Green Bay Packers tight end Jermichael Finley has spent the last two weeks struggling through a difficult shoulder injury. Finley deserves a lot of credit for not missing any games due this injury, one which his coaching staff initially believed could keep him out for an extended period.
While Finley is admirable in fighting through the pain, it’s no surprise that he’s seen a big drop in his playing time. Aaron Rodgers is targeting him less frequently: he had only two targets on Sunday against the St. Louis Rams and two the previous week against the Houston Texans.
But even before his injury in Week 5, Finley’s targets had dropped off. In Week 1, Rodgers threw the ball Finley’s way 11 times for 7 receptions. However, from Week 2 until Finley’s injury in Week 5, that number has dropped considerably.
It’s not just in the receiving game that Finley is seeing less action. Due mostly to his injury, Finley has been held out most blocking plays. Backup tight ends Tom Crabtree and D.J. Williams have seen increased playing time since Finley’s injury and even before.
Even though these drops in playing time stems from Finley’s shoulder injury, it’s a fair question to ask whether his role is changing in the Green Bay offense. This is the guy around whom the Packers designed the entire offense in 2010 before his Week 5, season-ending injury that year. He was going to be their go-to superstar tight end/receiver. That’s how much talent the Packers believe (believed?) he has (had?). But, now in his fifth year, Finley has failed to reach that level of play that could justify giving him a starring role in the offense. Over the last two weeks, the offense clearly hasn’t skipped a beat in his diminished role, putting up 660 passing yards, 9 touchdowns, and zero turnovers.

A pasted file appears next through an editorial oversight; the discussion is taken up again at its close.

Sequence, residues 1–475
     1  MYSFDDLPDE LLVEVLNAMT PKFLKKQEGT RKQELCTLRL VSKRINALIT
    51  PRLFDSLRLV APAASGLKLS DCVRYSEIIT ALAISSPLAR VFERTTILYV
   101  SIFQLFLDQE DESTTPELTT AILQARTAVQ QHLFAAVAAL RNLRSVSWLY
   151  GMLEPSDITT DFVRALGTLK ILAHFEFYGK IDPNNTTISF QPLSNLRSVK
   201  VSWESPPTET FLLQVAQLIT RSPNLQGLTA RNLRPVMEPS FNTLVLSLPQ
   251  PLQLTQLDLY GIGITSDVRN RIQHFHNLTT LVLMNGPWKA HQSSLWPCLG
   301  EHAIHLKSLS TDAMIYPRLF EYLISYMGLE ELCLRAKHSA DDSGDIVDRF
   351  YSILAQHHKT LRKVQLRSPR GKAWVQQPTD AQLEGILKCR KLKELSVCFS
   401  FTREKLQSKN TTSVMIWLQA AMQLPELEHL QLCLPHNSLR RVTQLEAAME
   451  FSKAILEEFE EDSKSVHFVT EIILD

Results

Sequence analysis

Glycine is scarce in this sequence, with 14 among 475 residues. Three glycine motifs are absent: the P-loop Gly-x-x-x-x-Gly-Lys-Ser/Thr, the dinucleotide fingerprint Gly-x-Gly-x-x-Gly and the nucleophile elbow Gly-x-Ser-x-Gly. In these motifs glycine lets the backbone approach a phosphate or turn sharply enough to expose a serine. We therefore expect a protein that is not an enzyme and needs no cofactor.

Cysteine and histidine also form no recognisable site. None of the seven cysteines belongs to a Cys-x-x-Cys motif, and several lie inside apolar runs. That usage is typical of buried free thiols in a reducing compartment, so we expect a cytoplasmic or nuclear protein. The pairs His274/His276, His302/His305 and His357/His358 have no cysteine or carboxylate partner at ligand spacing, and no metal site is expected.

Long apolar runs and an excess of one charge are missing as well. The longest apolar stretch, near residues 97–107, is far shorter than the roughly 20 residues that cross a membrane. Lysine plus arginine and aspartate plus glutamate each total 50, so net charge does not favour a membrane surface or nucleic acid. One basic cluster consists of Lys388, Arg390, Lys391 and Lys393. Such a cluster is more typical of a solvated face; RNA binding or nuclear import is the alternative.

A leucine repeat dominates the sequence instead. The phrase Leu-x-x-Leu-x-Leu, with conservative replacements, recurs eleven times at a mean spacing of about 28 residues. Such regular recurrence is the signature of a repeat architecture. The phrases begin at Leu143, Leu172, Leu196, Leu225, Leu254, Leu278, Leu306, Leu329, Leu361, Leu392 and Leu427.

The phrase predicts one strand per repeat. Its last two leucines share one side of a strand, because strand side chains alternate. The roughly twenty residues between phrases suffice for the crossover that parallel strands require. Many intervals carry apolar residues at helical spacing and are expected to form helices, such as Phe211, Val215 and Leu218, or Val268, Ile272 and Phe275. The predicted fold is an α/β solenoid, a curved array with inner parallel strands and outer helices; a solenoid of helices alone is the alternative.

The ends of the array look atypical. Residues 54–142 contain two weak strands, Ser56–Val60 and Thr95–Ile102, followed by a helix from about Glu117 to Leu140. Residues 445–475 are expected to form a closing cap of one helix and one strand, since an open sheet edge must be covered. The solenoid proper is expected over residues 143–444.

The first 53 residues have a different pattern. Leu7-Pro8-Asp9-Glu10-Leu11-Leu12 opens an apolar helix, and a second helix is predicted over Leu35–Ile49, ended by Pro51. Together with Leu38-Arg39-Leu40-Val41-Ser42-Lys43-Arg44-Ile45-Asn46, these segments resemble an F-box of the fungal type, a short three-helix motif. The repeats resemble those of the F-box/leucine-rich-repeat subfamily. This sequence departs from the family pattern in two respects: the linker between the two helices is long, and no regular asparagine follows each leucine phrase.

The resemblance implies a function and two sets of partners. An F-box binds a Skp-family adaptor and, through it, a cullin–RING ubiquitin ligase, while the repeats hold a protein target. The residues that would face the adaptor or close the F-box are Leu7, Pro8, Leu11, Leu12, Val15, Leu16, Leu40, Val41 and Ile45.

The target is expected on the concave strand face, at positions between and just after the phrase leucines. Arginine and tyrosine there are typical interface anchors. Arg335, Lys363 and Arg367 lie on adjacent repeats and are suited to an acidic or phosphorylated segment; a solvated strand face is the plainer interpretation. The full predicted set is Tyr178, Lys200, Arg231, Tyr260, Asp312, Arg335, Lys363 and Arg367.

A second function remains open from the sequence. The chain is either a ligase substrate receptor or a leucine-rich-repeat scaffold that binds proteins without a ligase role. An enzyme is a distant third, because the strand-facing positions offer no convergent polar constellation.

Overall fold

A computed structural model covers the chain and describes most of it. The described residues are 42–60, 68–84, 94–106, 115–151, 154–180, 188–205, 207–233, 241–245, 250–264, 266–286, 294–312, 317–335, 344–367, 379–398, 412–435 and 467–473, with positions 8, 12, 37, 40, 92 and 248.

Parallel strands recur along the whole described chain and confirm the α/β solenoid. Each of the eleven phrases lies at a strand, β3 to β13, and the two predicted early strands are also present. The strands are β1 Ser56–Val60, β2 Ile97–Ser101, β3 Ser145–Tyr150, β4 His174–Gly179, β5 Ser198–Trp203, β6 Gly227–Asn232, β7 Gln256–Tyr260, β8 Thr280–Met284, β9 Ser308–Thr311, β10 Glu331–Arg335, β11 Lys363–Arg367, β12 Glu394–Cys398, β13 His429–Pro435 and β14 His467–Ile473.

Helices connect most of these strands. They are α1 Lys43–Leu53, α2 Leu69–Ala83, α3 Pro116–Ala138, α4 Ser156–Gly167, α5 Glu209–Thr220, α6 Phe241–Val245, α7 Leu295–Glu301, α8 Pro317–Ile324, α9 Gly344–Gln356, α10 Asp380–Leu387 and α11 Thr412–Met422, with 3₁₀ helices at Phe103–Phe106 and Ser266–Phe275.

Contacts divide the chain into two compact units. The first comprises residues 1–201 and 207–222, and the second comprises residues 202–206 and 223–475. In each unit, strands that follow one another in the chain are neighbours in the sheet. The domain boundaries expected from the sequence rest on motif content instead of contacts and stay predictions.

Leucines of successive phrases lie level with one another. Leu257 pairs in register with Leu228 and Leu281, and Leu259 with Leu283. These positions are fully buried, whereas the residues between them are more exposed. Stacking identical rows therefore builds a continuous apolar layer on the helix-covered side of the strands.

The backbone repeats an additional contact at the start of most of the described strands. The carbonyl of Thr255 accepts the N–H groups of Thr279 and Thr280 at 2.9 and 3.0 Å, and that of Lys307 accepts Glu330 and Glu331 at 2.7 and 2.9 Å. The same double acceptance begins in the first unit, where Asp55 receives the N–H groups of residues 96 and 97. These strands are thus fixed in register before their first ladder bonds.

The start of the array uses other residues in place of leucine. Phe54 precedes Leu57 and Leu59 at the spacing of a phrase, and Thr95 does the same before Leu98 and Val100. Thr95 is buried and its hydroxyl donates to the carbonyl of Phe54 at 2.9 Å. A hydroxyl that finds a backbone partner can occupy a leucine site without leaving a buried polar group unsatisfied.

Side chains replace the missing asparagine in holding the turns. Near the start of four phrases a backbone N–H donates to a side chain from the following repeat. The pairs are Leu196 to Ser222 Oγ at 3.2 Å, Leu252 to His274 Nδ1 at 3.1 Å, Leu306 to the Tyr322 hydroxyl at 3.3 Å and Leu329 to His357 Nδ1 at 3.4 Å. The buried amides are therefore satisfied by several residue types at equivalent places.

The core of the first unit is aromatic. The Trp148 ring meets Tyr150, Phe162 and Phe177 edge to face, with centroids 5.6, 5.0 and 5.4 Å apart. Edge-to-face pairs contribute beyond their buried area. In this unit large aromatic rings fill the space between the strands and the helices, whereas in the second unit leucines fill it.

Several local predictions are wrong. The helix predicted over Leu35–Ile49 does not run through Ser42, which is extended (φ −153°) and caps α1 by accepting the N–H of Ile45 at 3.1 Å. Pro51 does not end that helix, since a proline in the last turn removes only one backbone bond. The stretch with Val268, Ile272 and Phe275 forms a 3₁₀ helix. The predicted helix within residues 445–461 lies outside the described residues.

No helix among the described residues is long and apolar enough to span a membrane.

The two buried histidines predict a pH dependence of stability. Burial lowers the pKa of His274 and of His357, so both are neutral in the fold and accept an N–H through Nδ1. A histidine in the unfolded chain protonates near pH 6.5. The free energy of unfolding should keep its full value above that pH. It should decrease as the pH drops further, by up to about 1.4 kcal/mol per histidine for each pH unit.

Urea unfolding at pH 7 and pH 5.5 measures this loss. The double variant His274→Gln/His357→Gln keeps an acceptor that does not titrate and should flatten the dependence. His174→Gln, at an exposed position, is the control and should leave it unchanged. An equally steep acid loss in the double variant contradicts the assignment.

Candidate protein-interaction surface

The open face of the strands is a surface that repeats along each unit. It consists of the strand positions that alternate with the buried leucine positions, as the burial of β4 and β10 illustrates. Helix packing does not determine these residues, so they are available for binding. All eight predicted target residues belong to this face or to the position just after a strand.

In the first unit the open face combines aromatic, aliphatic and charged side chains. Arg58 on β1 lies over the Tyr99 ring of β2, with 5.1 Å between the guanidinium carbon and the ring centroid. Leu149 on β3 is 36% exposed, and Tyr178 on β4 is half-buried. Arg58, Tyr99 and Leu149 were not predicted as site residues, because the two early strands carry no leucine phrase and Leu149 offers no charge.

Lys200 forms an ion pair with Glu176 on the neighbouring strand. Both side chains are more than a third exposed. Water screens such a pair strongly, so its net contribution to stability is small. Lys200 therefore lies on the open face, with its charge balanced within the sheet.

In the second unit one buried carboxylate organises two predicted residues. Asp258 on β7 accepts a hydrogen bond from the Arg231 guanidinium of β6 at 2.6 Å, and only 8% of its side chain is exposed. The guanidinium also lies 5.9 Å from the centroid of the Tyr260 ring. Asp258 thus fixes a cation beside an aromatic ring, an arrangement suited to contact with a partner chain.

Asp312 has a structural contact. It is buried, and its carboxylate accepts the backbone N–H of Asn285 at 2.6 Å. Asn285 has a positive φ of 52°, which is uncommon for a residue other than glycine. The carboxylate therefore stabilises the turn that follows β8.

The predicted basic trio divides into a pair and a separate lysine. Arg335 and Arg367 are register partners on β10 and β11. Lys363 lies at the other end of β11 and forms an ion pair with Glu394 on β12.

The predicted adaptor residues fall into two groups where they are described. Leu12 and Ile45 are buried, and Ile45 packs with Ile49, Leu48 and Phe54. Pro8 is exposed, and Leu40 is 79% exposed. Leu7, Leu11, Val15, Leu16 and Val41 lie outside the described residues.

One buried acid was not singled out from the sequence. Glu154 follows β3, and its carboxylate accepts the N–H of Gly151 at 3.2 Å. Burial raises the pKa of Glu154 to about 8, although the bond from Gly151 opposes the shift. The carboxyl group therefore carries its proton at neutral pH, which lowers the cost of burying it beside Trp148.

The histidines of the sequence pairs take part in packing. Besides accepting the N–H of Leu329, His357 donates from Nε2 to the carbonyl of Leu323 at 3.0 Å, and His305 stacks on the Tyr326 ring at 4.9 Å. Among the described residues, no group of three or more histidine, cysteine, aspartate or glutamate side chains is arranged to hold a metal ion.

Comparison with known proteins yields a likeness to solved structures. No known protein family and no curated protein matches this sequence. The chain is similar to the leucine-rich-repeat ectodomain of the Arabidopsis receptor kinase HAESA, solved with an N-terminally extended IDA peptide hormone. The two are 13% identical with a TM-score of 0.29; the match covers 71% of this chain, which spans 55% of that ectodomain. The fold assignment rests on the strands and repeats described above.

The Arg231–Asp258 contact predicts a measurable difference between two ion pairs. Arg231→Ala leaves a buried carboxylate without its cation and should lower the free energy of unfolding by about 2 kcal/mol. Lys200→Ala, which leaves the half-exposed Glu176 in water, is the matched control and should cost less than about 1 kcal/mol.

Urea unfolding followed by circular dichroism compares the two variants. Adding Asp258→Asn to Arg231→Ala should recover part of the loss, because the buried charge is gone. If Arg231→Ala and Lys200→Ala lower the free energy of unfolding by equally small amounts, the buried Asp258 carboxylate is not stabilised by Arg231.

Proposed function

Here’s what I’m getting: it’s not a bad thing for the Packers when Finley plays fewer snaps. Particularly when it comes to blocking, Finley has been underachieving for a long time. Crabtree and Williams don’t have the great hands of receivers, but they’re superior to Finley as blocking tight ends, despite Finley’s size advantage. As Finley recovers from his injury, I hope the Packers will continue to use Crabtree, Williams, and even Ryan Taylor more and more in blocking schemes.
As a receiving tight end, Finley has also disappointed. He has had a persistent case of the drops dating back to last season, and targets in his direction are targets away from Greg Jennings, Jordy Nelson, James Jones, and Randall Cobb. The problem with Finley – and his frequent complaint – is that he needs a lot of catches thrown his way to get into a rhythm.
On an offense as stacked as Green Bay, the Packers can’t afford to spend throws warming up one player when the other talented receivers have proven themselves no matter how many passes they’ve had. The rest of the receiving corp has made the most of their opportunities and Finley has not always done the same. You don’t get to be the number one guy on a team that has as many receiving threats as the Packers do. Through seven weeks, the Packers have spread the ball around, with four different Packer receivers having led the team in receptions. Rodgers’ favorite receiver is always the open one.
Look at another receiver who has had similar issues to Finley. James Jones struggled with drops the previous two seasons and had earned the ire of many a Packer fan. Jones came back this season with a lot of focus and has not only cut down on the drops, but has made huge catches in crunch time in almost every game. Jones did not get a lot of targets, but he made the most of them when he did. Until Finley proves himself like Jones did, the Packers can’t and won’t make him a focal point in the offense.
As Finley gets back to health, the Packers should continue to go to him when he gets those crazy mismatches on a smaller defensive back or a slow-footed linebacker. However, other than those matchups, the other receivers on the team should continue to get looks ahead of Finley.